What is a Project Management Office – PMO?
What is a Project Management office? You know, I love this question and what is funny about it is that I have never actually wrote about what I think a PMO is in any of my blog posts until today. Sure, I have defined it in my books, but I wanted to cover it here as well. I wrote two books “The PMO Lifecycle: Building, Running, and Shutting Down” and “The Tactical Guide for Building a PMO” both sold on Amazon. In these books, I go deep into how to build, run, and shutdown PMOs in every detail, but don’t spend a ton of time on the actual definition. I figured if you are planning to build or run a PMO, I assume you might already know the definition. You know what they say about assuming right…. Regardless, I am covering it now and please go check out my books today! I think that one of the main reasons I have not described or wrote about my definition of a PMO, is because there is no single definition applicable for everyone. There, I said it, you can’t define the term Project Management Office with a single definition, because it will mean completely different things from company to company and from leadership team to leadership team.
You might recall, but I have over 30+ years hands on experience in the Project Management field. In those 30-plus years, over 20 of them have been in the PMO space across ten PMOs and four different companies. Ten PMOs, I mean when I step back and think about that for a second, that is a lot of PMOs and puts me in a pretty unique position than other PMO leaders in the world. With that experience, I can tell you that you can’t put a single label on a PMO! You just can’t. They differ from company to company, and frankly, they just are not the same.
Start with your executives!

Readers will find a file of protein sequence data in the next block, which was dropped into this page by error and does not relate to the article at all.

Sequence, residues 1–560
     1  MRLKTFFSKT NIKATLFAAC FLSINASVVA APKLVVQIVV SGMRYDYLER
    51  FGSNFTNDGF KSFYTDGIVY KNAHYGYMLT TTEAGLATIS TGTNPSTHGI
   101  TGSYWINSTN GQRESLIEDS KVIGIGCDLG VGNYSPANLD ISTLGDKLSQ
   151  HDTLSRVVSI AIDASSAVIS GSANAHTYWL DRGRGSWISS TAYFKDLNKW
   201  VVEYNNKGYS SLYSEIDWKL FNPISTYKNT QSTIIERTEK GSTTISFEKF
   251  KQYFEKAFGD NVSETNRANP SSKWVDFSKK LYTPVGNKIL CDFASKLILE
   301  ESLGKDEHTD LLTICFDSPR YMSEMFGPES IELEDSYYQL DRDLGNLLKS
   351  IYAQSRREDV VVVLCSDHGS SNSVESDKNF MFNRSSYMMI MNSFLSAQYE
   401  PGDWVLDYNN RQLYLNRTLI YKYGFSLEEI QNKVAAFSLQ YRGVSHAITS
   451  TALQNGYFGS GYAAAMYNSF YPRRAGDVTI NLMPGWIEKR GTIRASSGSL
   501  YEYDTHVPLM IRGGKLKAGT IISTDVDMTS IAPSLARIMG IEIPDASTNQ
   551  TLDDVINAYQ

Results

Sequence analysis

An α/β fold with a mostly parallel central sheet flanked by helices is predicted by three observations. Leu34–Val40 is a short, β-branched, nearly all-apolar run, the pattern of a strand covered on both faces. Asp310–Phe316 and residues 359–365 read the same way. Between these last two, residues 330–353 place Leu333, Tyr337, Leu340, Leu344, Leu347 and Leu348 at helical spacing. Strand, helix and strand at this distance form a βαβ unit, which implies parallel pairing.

One of the most important ways of defining a PMO at your company will be your executives. Some executives do not know what a PMO is and some are very well versed in the topic. As we think about defining it or even building one, working with your executives is going to be critical. What do your executives expect you to do? Has the executives worked with PMOs before and know exactly what they want? Right, you need to unpack these conversations immediately with your executives to have any chance of success.
Then look at the PMO type!
One of the big issues that PMO Managers cause for themselves when they build their PMOs is they focus strictly on managing and controlling projects. That is really not the best starting place for any PMO. See, starting with projects actually limits your ability to expand and run a complete organization. By doing that, you are actually pigeon holing yourself into a single threaded organization. That’s not the way to set up a successful PMO.
So, one recommendation is to think about when defining what is a Project Management Office is to think about the type. Because the PMO type drives a lot of what you will offer within your PMO.
Let’s look at the common PMO types across the industry.
PMO types include:
There are ten known PMO types in the project management industry, but then again, these types are all called “PMOs”, but they act differently. The expectations are also very different, hence why I stand behind we can’t have a single definition of a PMO because there isn’t a one size fits all scenario that works in defining PMOs.
Does that make sense? It is important for you to get that the term “PMO” and the type of PMO are locked together, but they all act differently. Ok, let’s keep going. Now you know how important that type is, let’s keep talking about the definition of a PMO.
Let’s look at this again – What is a Project Management Office?
A Project Management Office (PMO) is an office that oversees and managing portfolios, programs, and projects. The PMO helps to ensure that projects are completed on time, within budget, and to the specifications set forth by the project team, mainly the customers. Do you notice here that I cover portfolios, programs, and projects and not just projects? See, just focusing on projects limits your PMO and is it applicable sometimes, yes, but in all cases, no, my advice is to think broader. A project management office (PMO) is also, in most cases, a centralized office that oversees all aspects of how portfolios, programs, and projects operate.
A central point of focus